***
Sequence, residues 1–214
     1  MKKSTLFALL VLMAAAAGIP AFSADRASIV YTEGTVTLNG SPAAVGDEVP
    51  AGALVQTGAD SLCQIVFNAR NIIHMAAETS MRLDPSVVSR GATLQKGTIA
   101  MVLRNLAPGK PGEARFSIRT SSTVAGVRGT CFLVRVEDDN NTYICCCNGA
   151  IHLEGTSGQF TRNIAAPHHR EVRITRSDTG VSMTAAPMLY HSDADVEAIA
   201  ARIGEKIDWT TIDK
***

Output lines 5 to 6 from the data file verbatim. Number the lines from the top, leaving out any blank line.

   151  IHLEGTSGQF TRNIAAPHHR EVRITRSDTG VSMTAAPMLY HSDADVEAIA
   201  ARIGEKIDWT TIDK